Statins should be given to people who suffer from severe migraines, according to an editorial in the British Journal of General Practice.
Dr. David Kernick, a GP at the St Thomas Health Center in Exeter, United Kingdom, said that people who experience an 'aura' - flashing lights or confusing thoughts - before a migraine strikes should be considered for the cholesterol-busting drugs.
‘People who experience an - flashing lights or confusing thoughts - before a migraine strikes are at greater risk of strokes and heart disease. The expert said the threshold at which statins are prescribed for such patients should be reduced.’
Migraines are common and some patients experience warning signs in the hour before the headache strikes.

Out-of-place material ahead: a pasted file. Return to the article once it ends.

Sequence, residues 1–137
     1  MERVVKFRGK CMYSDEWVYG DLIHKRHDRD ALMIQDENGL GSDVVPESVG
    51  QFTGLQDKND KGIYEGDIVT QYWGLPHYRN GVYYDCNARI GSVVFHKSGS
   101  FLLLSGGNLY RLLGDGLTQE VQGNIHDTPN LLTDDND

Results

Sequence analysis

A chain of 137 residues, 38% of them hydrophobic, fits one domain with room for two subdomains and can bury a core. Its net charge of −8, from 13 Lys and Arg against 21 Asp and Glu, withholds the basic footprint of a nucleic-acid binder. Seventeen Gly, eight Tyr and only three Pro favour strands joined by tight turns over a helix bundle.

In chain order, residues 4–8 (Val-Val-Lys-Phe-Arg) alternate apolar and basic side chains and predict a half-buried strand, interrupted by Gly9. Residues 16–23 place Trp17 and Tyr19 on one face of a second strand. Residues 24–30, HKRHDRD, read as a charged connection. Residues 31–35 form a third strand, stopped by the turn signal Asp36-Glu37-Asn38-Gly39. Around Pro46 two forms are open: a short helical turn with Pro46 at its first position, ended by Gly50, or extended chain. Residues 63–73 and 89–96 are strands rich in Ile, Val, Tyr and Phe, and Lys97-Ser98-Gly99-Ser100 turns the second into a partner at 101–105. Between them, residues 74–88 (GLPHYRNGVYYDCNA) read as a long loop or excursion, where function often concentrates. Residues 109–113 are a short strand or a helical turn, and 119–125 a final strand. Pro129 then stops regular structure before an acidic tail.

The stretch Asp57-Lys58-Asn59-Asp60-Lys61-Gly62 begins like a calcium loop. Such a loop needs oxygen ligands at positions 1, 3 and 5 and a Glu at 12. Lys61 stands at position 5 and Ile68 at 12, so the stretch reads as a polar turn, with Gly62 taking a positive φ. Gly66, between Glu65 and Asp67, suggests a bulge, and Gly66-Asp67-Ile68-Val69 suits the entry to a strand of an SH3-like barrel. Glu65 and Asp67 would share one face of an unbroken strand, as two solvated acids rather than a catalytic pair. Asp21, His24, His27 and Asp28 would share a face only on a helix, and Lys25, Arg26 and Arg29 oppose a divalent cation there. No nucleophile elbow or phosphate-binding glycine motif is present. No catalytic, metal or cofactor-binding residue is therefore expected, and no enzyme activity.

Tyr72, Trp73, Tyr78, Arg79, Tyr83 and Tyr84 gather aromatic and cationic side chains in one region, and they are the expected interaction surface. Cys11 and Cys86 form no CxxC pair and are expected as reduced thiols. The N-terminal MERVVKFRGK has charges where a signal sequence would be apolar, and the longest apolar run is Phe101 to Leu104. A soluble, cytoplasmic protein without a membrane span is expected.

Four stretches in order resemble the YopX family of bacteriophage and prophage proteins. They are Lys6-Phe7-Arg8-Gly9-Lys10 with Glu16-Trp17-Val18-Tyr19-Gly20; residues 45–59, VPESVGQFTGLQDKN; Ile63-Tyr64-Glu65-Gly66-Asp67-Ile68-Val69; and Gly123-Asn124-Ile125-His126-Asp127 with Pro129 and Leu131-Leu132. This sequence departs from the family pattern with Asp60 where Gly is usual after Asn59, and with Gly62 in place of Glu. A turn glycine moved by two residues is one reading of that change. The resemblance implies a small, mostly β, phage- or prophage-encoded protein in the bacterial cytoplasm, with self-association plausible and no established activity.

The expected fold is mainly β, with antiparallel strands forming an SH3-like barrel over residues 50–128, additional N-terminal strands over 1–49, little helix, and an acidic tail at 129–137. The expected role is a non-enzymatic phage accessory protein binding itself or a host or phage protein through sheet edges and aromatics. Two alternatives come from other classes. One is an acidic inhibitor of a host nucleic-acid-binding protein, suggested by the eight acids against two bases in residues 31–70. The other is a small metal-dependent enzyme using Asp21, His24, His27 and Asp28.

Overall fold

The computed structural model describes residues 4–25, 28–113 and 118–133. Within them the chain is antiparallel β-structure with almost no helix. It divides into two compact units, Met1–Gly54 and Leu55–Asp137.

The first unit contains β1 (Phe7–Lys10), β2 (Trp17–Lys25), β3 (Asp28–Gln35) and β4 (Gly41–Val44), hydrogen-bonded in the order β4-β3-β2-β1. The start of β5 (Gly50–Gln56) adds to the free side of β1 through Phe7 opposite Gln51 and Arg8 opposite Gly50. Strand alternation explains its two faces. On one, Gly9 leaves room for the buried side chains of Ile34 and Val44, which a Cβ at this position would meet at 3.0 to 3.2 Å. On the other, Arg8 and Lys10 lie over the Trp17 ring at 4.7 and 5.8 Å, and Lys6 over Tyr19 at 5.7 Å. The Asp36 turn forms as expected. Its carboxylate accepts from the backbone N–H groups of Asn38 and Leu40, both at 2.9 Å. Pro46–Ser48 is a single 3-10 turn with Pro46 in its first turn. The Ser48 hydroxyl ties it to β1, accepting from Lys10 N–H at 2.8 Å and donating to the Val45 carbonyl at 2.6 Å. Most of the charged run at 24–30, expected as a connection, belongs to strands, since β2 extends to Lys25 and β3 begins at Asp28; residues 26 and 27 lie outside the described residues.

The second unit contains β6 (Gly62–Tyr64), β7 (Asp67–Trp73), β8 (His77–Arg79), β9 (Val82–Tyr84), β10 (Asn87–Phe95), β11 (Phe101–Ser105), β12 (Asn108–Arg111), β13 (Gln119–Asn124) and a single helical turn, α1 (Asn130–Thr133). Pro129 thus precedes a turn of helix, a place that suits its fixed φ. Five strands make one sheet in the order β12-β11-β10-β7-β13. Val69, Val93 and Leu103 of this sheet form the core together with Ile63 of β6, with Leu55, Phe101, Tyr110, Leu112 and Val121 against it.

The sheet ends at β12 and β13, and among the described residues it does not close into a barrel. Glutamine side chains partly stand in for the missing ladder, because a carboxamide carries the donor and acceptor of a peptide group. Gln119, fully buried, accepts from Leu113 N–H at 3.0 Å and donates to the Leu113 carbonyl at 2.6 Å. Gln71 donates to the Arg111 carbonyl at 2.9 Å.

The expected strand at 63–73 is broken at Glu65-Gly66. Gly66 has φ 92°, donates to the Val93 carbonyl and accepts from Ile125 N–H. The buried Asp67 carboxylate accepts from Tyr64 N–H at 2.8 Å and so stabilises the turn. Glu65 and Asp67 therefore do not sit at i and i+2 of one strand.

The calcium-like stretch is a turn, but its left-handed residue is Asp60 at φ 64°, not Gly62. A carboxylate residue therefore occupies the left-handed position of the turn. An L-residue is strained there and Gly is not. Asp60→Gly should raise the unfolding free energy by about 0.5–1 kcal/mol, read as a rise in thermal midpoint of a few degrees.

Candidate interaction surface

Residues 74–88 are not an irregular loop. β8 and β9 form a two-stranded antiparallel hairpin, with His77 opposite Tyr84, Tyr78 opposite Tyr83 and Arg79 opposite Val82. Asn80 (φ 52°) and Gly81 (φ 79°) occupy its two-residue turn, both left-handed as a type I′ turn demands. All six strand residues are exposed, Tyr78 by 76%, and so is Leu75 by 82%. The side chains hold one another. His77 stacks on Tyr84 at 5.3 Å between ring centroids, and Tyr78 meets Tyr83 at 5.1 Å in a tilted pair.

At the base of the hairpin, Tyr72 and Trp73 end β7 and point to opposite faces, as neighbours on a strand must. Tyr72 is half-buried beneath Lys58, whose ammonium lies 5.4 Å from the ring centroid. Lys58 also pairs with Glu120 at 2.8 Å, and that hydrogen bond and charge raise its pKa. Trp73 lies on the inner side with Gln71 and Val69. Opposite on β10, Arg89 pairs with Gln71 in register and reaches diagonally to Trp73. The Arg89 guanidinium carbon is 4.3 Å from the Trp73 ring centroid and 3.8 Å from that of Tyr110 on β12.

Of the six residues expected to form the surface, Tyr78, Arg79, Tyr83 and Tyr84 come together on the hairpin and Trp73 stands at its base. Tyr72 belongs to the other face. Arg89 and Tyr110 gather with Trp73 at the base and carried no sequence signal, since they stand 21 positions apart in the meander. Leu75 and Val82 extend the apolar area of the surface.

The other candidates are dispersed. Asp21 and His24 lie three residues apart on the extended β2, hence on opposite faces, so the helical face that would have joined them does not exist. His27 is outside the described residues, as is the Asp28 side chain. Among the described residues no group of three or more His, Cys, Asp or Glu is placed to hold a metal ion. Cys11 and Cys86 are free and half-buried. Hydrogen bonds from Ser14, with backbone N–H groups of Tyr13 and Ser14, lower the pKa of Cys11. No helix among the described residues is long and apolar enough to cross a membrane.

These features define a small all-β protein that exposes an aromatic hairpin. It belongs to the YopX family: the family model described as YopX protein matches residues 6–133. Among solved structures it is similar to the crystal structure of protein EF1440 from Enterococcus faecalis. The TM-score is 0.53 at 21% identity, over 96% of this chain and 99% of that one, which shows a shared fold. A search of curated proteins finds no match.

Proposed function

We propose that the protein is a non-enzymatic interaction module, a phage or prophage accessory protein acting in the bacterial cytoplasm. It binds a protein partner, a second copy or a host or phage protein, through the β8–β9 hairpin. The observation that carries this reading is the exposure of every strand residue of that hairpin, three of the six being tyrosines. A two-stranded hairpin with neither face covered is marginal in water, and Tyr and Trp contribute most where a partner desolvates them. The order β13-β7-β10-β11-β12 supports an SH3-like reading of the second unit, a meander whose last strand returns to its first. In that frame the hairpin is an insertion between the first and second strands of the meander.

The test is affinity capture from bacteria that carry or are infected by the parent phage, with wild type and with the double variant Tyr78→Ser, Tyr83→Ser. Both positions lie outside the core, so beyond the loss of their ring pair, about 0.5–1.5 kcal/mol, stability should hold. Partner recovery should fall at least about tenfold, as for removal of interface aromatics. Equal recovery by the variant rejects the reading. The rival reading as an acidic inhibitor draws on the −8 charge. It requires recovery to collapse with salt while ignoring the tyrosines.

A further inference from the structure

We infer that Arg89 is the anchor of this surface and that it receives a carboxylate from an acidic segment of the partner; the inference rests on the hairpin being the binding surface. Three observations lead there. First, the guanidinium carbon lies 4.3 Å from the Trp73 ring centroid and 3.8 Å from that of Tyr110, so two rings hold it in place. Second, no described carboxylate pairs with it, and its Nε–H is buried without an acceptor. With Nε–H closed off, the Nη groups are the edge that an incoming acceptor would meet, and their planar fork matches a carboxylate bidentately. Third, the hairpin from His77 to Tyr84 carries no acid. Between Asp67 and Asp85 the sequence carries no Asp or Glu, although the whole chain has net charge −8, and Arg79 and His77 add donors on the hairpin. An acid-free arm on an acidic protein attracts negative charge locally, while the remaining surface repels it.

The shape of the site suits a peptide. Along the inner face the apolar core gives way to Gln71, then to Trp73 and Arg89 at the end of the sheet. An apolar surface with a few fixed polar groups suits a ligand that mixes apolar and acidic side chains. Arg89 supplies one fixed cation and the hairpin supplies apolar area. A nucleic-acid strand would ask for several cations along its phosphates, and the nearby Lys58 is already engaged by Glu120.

Studies suggest that people who experience such aura migraines are at greater risk of strokes and heart disease. Dr. Kernick said the threshold at which statins are prescribed should be reduced for patients who experience aura migraines.
He said that even young patients and those experiencing relatively infrequent attacks, should be considered for the cholesterol-lowering drug.
Statins are taken by 7million people in the UK and guideline changes which reduced the prescription threshold last year mean another 10 million are now eligible.
Dr Kernick said that this threshold should be reduced even further for the four in every 100 people in the country who report aura migraines.
He said a 'pragmatic approach' must be taken for assessing the risk of heart disease or stroke in these patients.
'Over the past decade there has been an increasing recognition of the importance of statins in preventing cardiovascular disease,' said Dr Kernick.